If a class performs only one action, delegating work to another class, why does it exist at all? - sourcemaking.com
Middle men are code smells. Generally, writing extra code that acts as a mediator between different components of a system is a design smell – it adds unneeded bloat, additional steps to follow when reviewing code, and can be confusing.
However middle men can be good and even useful implementations in certain contexts. The adapter pattern is an example of a design pattern explicitly implemementing a middle man between two interfaces in order for them to communicate. Other instances where middle men may be useful are outdated APIs and interfacing with proprietary software.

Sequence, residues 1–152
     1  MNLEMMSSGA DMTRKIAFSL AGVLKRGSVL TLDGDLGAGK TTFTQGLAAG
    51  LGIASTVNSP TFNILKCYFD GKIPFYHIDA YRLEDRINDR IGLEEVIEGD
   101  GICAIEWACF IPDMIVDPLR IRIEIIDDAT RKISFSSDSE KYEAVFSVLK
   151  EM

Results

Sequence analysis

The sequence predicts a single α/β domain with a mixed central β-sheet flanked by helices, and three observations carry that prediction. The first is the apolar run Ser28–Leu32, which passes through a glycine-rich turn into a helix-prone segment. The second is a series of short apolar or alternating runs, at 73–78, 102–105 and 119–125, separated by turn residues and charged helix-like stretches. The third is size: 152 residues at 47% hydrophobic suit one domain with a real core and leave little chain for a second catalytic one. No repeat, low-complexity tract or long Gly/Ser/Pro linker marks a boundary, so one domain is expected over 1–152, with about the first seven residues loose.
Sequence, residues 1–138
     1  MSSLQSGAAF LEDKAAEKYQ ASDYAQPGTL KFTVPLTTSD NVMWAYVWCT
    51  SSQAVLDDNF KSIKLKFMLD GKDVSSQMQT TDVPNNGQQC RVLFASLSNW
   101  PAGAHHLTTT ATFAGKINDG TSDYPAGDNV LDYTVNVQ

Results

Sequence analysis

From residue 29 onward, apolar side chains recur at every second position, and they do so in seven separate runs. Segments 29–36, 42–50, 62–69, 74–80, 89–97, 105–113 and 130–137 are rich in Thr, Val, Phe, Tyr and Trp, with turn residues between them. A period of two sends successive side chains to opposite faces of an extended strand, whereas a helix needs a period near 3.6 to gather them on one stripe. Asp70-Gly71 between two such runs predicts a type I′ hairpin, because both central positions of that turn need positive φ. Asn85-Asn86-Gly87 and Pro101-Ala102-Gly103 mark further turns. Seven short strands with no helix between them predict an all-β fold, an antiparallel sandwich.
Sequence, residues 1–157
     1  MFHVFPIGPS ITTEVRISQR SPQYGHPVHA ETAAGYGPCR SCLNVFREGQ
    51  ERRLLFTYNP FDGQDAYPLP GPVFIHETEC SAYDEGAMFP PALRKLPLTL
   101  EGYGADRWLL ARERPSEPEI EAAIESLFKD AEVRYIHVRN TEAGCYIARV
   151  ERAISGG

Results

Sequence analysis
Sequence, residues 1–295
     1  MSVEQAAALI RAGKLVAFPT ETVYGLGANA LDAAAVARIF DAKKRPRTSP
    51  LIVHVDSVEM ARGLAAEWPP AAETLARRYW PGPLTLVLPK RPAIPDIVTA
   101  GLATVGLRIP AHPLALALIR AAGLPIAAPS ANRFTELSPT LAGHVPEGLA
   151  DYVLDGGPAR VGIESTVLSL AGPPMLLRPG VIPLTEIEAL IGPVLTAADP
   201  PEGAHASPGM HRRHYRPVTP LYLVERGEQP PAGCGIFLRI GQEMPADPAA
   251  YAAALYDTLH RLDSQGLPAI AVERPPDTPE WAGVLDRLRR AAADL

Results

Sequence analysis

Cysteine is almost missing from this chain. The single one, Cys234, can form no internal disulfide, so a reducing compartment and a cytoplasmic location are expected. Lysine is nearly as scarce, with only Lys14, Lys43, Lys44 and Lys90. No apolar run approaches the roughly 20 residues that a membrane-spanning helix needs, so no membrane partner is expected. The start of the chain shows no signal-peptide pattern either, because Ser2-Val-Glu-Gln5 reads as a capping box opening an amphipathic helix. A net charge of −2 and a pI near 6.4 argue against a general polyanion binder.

It’s better to avoid the use of middle men, though are situations where middle men are needed as part of the design of a system.